In mathematics algebraic L-theory is the K-theory of quadratic forms; the term was coined by C. T. C. Wall, with L being used as the letter after K. Algebraic L-theory, also known as 'hermitian K-theory', is important in surgery theory.
One can define L-groups for any ring with involution R: the quadratic L-groups (Wall) and the symmetric L-groups (Mishchenko, Ranicki).
is the abelian group of equivalence classes of non-degenerate ε-quadratic forms over R, where the underlying R-modules F are finitely generated free. The equivalence relation is given by stabilization with respect to hyperbolic ε-quadratic forms:
The addition in is defined by
The zero element is represented by for any . The inverse of is .
Defining odd-dimensional L-groups is more complicated; further details and the definition of the odd-dimensional L-groups can be found in the references mentioned below.
Examples and applications
The L-groups of a group are the L-groups of the group ring . In the applications to topology is the fundamental group of a space . The quadratic L-groups play a central role in the surgery classification of the homotopy types of -dimensional manifolds of dimension , and in the formulation of the Novikov conjecture.
The distinction between symmetric L-groups and quadratic L-groups, indicated by upper and lower indices, reflects the usage in group homology and cohomology. The group cohomology of the cyclic group deals with the fixed points of a -action, while the group homology deals with the orbits of a -action; compare (fixed points) and (orbits, quotient) for upper/lower index notation.
The quadratic L-groups: and the symmetric L-groups: are related by a symmetrization map which is an isomorphism modulo 2-torsion, and which corresponds to the polarization identities.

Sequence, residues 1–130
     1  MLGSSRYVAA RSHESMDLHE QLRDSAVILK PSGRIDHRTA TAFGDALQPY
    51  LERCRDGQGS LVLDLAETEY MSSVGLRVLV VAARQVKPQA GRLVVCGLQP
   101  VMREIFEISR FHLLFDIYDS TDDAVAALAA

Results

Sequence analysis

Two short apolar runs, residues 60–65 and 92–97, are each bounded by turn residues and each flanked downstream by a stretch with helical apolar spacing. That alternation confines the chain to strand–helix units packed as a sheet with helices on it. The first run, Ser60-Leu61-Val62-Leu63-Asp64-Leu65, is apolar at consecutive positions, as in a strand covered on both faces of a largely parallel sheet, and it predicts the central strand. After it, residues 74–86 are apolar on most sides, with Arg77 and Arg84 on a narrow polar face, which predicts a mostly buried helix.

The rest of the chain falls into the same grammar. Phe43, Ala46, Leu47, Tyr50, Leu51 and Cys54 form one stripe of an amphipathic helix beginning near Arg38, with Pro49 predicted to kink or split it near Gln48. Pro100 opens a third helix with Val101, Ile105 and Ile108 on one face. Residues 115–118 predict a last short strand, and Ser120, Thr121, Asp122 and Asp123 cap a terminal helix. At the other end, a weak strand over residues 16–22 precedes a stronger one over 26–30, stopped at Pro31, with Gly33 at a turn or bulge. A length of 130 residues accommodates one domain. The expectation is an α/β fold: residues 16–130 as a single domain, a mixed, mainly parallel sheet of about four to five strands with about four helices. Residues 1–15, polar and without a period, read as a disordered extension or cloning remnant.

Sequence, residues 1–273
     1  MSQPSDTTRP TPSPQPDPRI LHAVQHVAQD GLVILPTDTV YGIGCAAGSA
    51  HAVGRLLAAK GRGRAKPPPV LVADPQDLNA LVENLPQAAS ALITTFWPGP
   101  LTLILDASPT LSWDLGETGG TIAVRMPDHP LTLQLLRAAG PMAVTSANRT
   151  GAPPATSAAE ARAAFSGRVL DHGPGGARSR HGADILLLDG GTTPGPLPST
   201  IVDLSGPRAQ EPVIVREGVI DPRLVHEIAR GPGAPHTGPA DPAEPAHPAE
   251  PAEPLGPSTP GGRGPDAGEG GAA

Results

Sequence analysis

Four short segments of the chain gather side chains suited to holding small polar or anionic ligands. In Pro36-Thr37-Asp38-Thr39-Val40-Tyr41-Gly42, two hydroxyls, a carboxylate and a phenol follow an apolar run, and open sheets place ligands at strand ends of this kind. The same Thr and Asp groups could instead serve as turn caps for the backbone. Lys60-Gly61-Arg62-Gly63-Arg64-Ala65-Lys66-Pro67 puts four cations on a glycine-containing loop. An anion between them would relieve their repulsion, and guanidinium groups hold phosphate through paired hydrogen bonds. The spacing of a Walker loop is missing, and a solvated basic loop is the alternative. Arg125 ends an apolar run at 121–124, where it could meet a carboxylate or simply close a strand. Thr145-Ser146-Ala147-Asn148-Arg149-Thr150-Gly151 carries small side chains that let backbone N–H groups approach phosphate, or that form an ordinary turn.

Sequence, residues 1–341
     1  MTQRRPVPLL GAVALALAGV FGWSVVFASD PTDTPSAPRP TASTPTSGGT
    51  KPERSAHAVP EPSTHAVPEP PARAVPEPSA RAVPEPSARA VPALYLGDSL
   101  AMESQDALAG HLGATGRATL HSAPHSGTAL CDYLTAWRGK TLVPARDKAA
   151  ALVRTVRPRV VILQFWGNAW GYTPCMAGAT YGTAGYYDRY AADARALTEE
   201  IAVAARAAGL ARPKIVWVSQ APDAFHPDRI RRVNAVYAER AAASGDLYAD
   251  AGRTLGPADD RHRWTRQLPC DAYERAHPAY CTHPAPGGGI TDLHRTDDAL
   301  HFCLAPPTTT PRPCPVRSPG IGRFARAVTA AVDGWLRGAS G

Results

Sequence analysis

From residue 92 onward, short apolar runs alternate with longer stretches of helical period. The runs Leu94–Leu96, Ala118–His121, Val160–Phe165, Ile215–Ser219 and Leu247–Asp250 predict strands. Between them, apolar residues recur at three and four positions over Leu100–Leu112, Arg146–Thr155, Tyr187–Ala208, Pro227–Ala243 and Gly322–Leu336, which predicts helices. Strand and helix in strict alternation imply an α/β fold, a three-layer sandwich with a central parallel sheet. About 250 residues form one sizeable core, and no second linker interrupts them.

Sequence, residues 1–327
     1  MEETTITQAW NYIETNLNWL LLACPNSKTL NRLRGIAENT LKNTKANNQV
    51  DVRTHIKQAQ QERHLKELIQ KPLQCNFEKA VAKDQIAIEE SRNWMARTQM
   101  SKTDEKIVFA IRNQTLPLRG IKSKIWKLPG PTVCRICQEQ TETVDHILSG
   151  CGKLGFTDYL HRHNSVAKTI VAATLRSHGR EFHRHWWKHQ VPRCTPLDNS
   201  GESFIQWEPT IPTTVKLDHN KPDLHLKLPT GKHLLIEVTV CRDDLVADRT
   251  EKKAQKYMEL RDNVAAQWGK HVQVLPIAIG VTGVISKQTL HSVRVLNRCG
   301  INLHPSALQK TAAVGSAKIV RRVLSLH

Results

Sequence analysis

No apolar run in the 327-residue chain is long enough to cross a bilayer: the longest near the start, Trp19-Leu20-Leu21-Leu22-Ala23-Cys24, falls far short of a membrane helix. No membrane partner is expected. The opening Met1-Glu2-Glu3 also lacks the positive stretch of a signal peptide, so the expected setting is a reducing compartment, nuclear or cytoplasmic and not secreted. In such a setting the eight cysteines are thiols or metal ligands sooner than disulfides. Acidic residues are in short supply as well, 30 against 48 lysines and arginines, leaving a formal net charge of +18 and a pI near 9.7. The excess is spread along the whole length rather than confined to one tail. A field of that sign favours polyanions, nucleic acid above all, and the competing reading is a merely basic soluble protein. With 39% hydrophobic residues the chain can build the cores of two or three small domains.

The quadratic L-groups are 4-fold periodic. Symmetric L-groups are not 4-periodic in general (see Ranicki, page 12), though they are for the integers.
In view of the applications to the classification of manifolds there are extensive calculations of the quadratic -groups . For finite algebraic methods are used, and mostly geometric methods (e.g. controlled topology) are used for infinite .
More generally, one can define L-groups for any additive category with a chain duality, as in Ranicki (section 1).
The simply connected L-groups are also the L-groups of the integers, as for both = or For quadratic L-groups, these are the surgery obstructions to simply connected surgery.
The quadratic L-groups of the integers are:
The symmetric L-groups of the integers are:
In doubly even dimension (4k), the symmetric L-groups, as with the quadratic L-groups, detect the signature; in dimension (4k+1), the L-groups detect the de Rham invariant.
- Lück, Wolfgang (2002), "A basic introduction to surgery theory", Topology of high-dimensional manifolds, No. 1, 2 (Trieste, 2001) (PDF), ICTP Lect. Notes, 9, Abdus Salam Int. Cent. Theoret. Phys., Trieste, pp. 1–224, MR 1937016
- Ranicki, A. A. (1992), Algebraic L-theory and topological manifolds (PDF), Cambridge Tracts in Mathematics, 102, Cambridge University Press, ISBN 978-0-521-42024-2, MR 1211640
- Wall, C. T. C. (1999) , Ranicki, Andrew, ed., Surgery on compact manifolds (PDF), Mathematical Surveys and Monographs, 69 (2nd ed.), Providence, R.I.: American Mathematical Society, ISBN 978-0-8218-0942-6, MR 1687388